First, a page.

A new dialogue between biblical scholarship and Religious Education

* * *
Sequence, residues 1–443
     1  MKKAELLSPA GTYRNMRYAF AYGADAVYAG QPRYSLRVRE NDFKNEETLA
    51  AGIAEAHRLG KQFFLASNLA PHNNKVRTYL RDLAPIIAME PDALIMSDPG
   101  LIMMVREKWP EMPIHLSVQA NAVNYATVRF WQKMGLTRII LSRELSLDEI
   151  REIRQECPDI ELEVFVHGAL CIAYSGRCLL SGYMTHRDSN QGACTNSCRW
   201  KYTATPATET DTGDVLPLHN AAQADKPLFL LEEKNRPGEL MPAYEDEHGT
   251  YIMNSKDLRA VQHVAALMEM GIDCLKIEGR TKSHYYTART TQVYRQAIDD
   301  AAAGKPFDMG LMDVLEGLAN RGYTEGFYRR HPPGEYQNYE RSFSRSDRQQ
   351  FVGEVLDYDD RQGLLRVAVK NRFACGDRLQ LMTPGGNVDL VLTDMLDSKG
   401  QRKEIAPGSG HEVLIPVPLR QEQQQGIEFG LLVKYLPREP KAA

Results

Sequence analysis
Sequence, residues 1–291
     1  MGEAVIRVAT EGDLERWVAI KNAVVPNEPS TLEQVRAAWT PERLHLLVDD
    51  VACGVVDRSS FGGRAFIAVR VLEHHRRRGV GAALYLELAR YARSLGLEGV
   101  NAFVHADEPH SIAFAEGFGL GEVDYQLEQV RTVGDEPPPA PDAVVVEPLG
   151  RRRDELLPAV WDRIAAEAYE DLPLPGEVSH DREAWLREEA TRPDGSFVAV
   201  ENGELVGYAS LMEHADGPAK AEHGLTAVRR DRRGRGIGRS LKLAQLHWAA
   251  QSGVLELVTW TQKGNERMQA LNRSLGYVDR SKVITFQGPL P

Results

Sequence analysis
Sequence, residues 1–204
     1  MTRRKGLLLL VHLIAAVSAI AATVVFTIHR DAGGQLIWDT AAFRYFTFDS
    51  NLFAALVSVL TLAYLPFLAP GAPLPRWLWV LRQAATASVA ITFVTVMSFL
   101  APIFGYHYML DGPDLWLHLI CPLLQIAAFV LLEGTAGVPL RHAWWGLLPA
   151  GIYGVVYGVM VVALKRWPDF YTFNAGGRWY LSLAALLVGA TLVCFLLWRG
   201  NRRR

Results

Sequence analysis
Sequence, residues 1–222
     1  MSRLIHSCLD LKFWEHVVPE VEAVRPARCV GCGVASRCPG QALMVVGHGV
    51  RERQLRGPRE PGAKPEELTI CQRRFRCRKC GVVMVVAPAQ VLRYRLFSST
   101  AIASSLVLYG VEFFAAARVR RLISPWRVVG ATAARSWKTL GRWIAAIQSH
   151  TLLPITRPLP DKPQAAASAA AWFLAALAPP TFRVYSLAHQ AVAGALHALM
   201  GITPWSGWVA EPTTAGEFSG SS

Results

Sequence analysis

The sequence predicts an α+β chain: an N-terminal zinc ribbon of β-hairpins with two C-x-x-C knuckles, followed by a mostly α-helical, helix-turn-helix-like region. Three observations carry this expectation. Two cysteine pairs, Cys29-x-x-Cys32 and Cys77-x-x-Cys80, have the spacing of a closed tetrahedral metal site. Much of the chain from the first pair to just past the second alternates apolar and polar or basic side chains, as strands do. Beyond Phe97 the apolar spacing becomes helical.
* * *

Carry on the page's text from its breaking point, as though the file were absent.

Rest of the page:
One of the trends that we have been monitoring at Newman and which has been reflected in a number of the posts on this site has been the use of (or allusions to) the Bible within the public spheres; political and social media (for example see, Migrants, Refugees & the search for a Biblical PerspectiveNo room for the 3 ‘kings’: Refugees, the nativity and the social mediaWeaponising Romans 13). Far from being dismissed, as critics would suggest, as an irrelevant, out-dated text that is only read by an ever reducing number of religious zealots, the Bible’s influence (though not necessarily its content) is very present on the contemporary stage. This means that a critical and informed understanding of the Bible (its texts, history, use) remains an essential part of education. It is therefore of great concern that the recent changes to GCSE Religious Education (RE) syllabi (in England and Wales), although placing a greater emphasis on the study of sacred texts, does not reflect recent developments within biblical studies and, at times, could reinforce negative stereotypical views. This problem is exacerbated by the fact that, at present, only one RE A-Level syllabus includes any in-depth component on the Bible. Consequently, Prof. Susan Docherty‘s article in the current edition of the British Journal of Religious Education is a very welcome and much needed call for a new dialogue to commence between biblical scholarship and the provision of RE in UK schools Continue reading